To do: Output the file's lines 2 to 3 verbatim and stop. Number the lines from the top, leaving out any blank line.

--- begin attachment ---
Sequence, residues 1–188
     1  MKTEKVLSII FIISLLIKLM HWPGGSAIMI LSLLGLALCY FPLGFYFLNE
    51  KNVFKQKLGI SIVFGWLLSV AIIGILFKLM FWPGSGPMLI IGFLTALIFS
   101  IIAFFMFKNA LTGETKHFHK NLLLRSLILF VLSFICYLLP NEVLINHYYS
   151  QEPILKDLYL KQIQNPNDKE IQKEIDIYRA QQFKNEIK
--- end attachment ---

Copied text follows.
     1  MKTEKVLSII FIISLLIKLM HWPGGSAIMI LSLLGLALCY FPLGFYFLNE
    51  KNVFKQKLGI SIVFGWLLSV AIIGILFKLM FWPGSGPMLI IGFLTALIFS